3. Bring the Fun

I know when I’m trying to reach a diet or fitness goal, the repetition of eating similar foods, thinking of eating as “fueling”, and working out super hard can start to feel, well, like work. And, if you’ve seen “The Shining”, we all know what “all work and no play” can do to a person.

A Free Day gives me a chance to embrace the joy of eating. Whether it’s at a friend’s birthday party, a fancy schmancy dinner with the husband, or just me at my favorite coffee shop – I love to say “yes” to a piece of cake, try new foods, or savor the warm chocolatey goodness of a mocha. Eating wonderful food is just fun.

The takeaway: Indulgences absolutely have their place, even in a super-healthy lifestyle! In fact, giving yourself the freedom to eat whatever you want – on occasion – will help you stick to your eating goals most of the time.

A few caveats: 

  • Weight management, body composition, and the psychology of eating are complex and multi-faceted processes. Not everyone will respond the same way to the same strategies — the best plans are the ones that you can follow on a regular basis. If you go totally berserk and consume 10,000 calories on your Free Day … maybe you shouldn’t have a Free Day. Perhaps a Free Meal would work better.
  • If you have a diet-sensitive health condition (eg, diabetes, high cholesterol, or high blood pressure) plan your Free Day carefully, as small variations in your diet can have larger health effects.
  • Keto dieters, you will want to put some thought into your Free Day, maybe call it a Carb Re-feed Day (not as fun, eh? Well, it’s keto … ). Carb Re-feed, or Carb Cycling is a way to enjoy the benefits of keto without wrecking the parts of your body that need some carbs to work. Be warned, though, not all health professionals or dietitians think this is a good idea for Keto-ers.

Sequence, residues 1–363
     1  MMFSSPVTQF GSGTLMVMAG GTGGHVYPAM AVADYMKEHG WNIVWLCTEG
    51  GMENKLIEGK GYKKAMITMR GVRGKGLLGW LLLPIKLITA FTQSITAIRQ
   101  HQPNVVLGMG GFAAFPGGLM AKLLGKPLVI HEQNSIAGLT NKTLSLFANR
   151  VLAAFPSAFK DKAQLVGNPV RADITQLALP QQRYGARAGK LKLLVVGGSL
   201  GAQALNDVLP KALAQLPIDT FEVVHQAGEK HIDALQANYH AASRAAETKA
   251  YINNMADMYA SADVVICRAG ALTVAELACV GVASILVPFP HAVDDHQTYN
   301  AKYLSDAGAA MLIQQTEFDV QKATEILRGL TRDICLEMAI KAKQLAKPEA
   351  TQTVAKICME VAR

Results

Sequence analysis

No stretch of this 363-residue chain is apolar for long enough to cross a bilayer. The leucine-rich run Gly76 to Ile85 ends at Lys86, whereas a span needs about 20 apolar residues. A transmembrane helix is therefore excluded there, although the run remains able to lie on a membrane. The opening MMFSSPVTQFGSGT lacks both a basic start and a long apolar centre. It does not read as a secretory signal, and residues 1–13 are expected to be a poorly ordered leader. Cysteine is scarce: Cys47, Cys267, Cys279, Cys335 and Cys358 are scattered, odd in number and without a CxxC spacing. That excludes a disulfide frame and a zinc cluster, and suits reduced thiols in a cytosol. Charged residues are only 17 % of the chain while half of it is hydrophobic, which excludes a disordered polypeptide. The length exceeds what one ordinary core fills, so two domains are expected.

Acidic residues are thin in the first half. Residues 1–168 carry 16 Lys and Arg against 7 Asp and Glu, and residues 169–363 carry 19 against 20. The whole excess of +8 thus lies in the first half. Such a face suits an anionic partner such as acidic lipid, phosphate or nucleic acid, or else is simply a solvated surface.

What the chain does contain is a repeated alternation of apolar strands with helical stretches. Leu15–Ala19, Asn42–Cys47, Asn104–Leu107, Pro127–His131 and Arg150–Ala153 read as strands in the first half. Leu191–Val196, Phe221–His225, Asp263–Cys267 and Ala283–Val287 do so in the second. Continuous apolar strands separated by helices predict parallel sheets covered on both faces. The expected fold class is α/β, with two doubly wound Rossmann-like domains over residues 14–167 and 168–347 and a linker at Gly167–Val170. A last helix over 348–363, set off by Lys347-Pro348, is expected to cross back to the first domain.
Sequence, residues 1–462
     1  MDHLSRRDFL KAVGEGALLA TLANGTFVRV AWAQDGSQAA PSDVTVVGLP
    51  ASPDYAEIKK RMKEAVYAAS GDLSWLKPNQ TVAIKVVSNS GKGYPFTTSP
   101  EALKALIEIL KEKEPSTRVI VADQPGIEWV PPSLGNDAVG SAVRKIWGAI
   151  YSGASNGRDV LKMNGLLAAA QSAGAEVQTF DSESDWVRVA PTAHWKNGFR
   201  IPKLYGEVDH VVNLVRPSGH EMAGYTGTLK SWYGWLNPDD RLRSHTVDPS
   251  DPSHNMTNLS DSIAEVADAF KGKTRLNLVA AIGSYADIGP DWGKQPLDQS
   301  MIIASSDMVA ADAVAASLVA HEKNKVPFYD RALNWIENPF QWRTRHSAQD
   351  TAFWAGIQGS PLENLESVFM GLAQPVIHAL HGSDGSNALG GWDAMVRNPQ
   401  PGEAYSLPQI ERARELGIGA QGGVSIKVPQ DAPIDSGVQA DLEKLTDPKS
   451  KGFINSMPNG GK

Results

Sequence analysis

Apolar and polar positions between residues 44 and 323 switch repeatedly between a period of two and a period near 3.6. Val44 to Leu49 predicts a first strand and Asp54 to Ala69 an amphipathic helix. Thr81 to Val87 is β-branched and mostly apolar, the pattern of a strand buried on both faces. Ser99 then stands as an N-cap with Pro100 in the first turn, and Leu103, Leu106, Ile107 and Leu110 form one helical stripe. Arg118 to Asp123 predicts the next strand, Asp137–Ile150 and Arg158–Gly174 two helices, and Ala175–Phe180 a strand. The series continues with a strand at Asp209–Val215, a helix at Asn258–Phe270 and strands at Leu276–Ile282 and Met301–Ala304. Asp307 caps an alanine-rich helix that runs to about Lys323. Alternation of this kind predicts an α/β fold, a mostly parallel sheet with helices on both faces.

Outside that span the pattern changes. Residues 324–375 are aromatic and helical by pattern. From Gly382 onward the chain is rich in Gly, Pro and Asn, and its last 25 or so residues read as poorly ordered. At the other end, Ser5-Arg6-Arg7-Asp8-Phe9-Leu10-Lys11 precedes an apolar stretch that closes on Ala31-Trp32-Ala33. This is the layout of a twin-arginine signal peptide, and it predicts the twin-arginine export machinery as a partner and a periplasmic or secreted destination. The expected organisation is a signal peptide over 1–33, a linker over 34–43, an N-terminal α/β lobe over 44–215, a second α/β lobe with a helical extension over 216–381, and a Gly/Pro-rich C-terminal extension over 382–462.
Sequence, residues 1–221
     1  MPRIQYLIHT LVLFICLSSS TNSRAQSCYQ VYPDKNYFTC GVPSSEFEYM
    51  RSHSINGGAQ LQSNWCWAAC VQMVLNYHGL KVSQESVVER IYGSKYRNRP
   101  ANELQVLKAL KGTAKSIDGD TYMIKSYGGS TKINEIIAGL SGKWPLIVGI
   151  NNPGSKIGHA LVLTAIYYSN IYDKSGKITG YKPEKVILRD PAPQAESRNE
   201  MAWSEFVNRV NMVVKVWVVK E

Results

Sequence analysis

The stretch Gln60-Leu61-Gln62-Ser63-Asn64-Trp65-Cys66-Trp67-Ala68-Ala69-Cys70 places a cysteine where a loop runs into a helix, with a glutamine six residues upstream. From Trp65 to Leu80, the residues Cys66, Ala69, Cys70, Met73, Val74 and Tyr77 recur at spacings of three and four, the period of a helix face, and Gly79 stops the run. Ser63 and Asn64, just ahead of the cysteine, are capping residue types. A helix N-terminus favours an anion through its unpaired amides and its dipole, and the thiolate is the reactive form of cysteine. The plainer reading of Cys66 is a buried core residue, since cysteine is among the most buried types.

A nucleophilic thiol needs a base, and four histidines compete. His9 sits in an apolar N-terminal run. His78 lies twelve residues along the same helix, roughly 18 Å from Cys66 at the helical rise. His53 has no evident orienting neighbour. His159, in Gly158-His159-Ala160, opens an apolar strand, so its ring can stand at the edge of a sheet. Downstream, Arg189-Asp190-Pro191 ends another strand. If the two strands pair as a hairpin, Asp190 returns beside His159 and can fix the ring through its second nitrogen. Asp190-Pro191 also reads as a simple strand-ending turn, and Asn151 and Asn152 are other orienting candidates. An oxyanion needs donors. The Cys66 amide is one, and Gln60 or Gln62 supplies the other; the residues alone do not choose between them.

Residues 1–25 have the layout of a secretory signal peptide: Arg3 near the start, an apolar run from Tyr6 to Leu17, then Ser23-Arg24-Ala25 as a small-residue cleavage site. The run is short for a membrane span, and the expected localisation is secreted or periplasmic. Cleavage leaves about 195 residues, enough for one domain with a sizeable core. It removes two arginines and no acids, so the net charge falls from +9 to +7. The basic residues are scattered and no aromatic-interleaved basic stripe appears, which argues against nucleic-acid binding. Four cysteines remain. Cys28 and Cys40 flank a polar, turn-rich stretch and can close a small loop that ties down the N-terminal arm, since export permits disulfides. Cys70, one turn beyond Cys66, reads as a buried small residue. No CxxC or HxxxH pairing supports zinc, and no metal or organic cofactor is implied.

I’ve shared the three reasons I absolutely believe Free Days are good for you – Reduce Cravings, Boost Metabolism, and Have Fun. Are there any others that come to mind for you? 

Have you tried having a Free Day or Free Meal? How has it worked for you? 

I’d love to hear from you, so please comment with your own experiences and thoughts!

Works Cited

Byrne, N M, et al. “Intermittent Energy Restriction Improves Weight Loss Efficiency in Obese Men: the MATADOR Study.” Nature News, Nature Publishing Group, 17 Aug. 2017, www.nature.com/articles/ijo2017206.

Dirlewanger, M, et al. “Effects of Short-Term Carbohydrate or Fat Overfeeding on Energy Expenditure and Plasma Leptin Concentrations in Healthy Female Subjects.” Nature News, Nature Publishing Group, 17 Nov. 2000, www.nature.com/articles/0801395.

“Do Cheat Days Work for a Diet?” LIVESTRONG.COM, Leaf Group, www.livestrong.com/article/282152-do-cheat-days-work-for-a-diet/.

Hill, Ansley. “Should You Have Cheat Meals or Cheat Days?” Healthline, Healthline Media, 13 Sept. 2018, www.healthline.com/nutrition/cheat-meals#effectiveness.

Jéquier, Eric. “Leptin Signaling, Adiposity, and Energy Balance.” Annals of the New York Academy of Sciences, vol. 967, no. 1, 2006, pp. 379–388., doi:10.1111/j.1749-6632.2002.tb04293.x.

Matthews, Melissa. “Everyone’s Talking About Keto Cycling. Is It Even Healthy?” Men’s Health, Men’s Health, 26 Apr. 2019, www.menshealth.com/nutrition/a25399400/keto-cycling/.

“Pitfalls of the Keto Diet and Why Carb Cycling Is Better.” Bulletproof, 21 Aug. 2019, www.bulletproof.com/diet/keto/carb-cycling-diet/.